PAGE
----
A role for Chk2 in DNA damage induced mitotic delays in human colorectal cancer cells
Volume 9, Issue 2
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January 15, 2010
Pages 312 - 320http://dx.doi.org/10.4161/cc.9.2.10418
Authors: Hanne Varmark, Seongae Kwak and William E. Theurkauf View affiliations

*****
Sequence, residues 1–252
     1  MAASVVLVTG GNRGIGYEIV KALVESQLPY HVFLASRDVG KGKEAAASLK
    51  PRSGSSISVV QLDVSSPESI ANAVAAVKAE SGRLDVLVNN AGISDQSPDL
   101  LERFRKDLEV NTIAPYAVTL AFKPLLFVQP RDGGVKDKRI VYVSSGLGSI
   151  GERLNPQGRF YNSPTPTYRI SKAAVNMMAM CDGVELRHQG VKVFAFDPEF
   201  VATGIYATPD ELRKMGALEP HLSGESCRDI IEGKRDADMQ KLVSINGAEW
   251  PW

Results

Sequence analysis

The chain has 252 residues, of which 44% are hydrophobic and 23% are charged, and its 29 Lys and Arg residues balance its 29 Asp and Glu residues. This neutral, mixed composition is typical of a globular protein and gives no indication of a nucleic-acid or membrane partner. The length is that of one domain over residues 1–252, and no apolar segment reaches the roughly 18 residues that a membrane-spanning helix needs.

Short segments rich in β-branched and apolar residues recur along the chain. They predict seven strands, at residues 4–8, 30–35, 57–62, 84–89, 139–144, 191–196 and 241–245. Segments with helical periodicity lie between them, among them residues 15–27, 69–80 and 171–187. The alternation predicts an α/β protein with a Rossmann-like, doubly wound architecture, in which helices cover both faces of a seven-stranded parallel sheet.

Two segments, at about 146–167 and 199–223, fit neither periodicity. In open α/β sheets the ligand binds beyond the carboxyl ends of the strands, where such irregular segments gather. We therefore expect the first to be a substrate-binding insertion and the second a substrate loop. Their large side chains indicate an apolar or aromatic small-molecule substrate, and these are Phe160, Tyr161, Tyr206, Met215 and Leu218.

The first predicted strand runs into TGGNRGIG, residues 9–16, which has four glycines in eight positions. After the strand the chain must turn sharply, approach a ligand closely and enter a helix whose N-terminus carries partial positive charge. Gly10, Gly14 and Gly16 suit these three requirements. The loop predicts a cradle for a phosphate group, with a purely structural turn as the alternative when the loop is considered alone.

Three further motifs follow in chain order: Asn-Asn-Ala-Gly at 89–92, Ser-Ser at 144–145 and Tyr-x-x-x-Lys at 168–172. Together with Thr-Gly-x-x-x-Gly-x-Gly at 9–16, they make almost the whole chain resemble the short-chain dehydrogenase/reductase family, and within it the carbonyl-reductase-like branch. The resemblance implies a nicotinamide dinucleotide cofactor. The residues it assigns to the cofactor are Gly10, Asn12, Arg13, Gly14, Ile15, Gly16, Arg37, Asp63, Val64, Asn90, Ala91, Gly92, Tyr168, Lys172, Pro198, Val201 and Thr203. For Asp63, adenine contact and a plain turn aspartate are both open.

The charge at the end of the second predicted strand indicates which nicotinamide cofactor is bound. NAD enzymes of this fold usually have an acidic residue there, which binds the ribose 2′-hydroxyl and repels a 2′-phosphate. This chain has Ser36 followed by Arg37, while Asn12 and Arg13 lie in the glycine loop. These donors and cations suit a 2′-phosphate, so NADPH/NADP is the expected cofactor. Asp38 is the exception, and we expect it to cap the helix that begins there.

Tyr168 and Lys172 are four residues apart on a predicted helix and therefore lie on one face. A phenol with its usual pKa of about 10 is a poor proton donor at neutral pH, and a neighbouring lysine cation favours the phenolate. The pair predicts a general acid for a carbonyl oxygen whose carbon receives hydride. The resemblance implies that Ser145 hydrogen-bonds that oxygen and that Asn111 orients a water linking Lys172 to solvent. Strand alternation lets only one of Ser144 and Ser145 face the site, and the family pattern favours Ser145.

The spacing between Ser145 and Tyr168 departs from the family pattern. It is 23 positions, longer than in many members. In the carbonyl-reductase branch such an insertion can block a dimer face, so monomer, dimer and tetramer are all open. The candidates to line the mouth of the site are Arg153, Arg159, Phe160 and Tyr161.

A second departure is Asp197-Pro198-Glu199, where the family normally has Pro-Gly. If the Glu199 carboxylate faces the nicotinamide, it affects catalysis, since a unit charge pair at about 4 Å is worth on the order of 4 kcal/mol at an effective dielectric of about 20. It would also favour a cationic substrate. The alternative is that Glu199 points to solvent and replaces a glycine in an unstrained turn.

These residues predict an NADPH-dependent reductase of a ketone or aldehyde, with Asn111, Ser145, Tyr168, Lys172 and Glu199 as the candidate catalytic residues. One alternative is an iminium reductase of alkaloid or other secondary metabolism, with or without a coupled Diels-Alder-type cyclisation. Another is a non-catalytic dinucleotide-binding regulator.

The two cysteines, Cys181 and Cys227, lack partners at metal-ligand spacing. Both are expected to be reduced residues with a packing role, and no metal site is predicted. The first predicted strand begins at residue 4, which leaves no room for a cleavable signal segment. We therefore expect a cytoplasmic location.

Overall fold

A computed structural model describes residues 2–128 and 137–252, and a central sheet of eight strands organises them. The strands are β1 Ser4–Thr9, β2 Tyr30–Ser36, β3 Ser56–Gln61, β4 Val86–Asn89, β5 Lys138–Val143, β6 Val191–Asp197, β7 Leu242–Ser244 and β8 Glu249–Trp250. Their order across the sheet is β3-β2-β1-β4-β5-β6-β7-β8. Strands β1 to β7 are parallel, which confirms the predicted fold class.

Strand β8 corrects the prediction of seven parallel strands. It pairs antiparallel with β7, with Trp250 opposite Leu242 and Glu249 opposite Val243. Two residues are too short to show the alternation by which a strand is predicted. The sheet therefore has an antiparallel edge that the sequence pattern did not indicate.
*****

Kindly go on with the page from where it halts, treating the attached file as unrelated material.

Progression into mitosis in the presence of DNA damage leads to spindle checkpoint (SAC) dependent mitotic delays and cytokinesis failure. In Drosophila embryos, DNA damage does not delay mitotic entry but triggers Chk2 kinase dependent delays in mitotic exit. It is unclear if damage associated mitotic delays in human cells result from kinase signaling or breaks in centromere DNA that disrupt kinetochore function and activate the SAC. We show that transgenic expression of Human Chk2 in a Drosophila chk2 mutant background restores damage induced mitotic delays during early embryogenesis. Parental HCT116 colorectal cancer cells that progress into mitosis following DNA damage, due to either G2 checkpoint adaptation or G2 checkpoint abrogation by caffeine or the Chk1 inhibitor UCN-01, delay in mitosis and show high rates of cytokinesis failure. Significantly, these mitotic responses are suppressed in HCT116 chk2 knockout cells, and the response is restored by transgenic expression of wild type Chk2. However, both parental and chk2-/-HCT116 cells arrested in G2 for prolonged periods by DNA damage prior to release from the G2 block do show significant mitotic delays. Chk2 thus appears to have a conserved function in control of mitotic progression following G2/M transition with DNA damage. However, prolonged G2 arrest with DNA damage can trigger Chk2-independent mitotic delays that may be secondary to kinetochore disruption.